Rapid, molecular point-of-care tests can be used in remote settings to accurately detect the presence of Strep A bacterium in just six minutes.
The rapid molecular test, called N1-STOP-LAMP, involves using a small portable machine that can detect SARS-CoV-2 from just one nasal swab.
The HbA1c test measures the degree to which sugar molecules have linked irreversibly to molecules in red blood cells in the previous few months.
Blood tests based on the tau protein phospho-tau217 (p-tau217) may be able to detect changes in the brain 20 years before dementia symptoms occur.
The new test uses a single drop of blood — collected from a simple finger prick — and results are ready in a few hours.
The method has been found to detect kidney cancers with high accuracy, including small, localised tumours for which no early detection method currently exists.
A groundbreaking new test can improve the early detection of prostate cancer compared with the existing prostate-specific antigen (PSA) blood test.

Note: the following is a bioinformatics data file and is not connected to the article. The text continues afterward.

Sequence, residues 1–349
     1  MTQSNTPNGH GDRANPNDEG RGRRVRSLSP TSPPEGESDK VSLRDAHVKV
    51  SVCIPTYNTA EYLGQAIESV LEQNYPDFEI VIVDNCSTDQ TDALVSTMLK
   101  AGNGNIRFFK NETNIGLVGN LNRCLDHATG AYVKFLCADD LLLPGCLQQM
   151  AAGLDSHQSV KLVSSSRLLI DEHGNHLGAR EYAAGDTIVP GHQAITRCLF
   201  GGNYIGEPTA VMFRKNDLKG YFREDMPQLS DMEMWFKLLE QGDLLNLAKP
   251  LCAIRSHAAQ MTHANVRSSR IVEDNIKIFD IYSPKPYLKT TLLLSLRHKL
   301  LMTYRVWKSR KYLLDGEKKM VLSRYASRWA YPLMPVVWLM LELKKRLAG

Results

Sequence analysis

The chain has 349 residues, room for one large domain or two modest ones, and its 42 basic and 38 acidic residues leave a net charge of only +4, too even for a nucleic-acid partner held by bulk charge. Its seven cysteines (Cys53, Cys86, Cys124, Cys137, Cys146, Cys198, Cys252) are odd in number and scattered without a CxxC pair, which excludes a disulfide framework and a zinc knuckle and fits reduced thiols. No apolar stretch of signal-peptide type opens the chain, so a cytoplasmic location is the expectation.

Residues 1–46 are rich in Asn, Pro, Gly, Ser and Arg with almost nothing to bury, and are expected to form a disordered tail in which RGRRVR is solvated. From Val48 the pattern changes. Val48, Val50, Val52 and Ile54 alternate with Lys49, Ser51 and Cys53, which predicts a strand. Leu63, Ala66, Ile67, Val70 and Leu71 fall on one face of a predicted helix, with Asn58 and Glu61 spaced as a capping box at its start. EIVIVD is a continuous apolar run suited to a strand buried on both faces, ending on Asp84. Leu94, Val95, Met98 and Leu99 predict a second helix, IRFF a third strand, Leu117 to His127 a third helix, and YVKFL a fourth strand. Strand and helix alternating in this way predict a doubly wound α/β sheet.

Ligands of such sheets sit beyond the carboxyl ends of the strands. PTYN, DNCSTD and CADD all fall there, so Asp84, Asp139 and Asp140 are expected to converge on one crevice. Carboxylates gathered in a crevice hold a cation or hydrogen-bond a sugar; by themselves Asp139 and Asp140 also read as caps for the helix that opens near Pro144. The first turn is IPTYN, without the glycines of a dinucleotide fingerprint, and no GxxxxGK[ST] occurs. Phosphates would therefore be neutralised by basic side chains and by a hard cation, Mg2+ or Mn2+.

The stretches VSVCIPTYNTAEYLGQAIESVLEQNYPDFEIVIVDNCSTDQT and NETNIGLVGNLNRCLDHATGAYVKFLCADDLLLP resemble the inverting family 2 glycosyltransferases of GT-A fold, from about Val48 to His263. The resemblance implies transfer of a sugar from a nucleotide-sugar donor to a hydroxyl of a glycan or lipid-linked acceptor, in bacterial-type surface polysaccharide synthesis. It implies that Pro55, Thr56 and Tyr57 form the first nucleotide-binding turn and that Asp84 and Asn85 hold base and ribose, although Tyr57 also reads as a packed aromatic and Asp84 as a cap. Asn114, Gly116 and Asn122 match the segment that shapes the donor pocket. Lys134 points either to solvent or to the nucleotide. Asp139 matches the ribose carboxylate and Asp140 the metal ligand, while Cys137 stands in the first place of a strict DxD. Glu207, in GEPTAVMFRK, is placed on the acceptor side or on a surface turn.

Saliva can be used to diagnose the presence and transmission of COVID-19, and to monitor immunity to SARS-Cov-2.
The biomarker discovery could be used as the basis for a highly effective and simple diagnostic blood test to help detect prevalent cases of TB in the community.
The new diagnostic approach has the potential to enhance infectious diseases surveillance, and so is now being adapted to track immunity to COVID-19.
Unlike in the influenza pandemic in 1918, today we are better equipped to identify the elusive bug responsible for COVID-19.
Researchers have developed a new method to enable more timely diagnosis and treatment of urological cancers, ie, prostate, bladder and kidney cancers.
A new blood test can accurately detect more than 50 types of cancer and identify in which tissue the cancer originated, often before there are any clinical signs or symptoms.
A new infection test, made up of sheets of paper patterned by lasers, will enable diagnosis at the point of care — helping doctors give patients the right treatment, and quickly.
The nanotechnology developed by University of Queensland scientists can detect and monitor extracellular vesicles (EVs) in the bloodstream.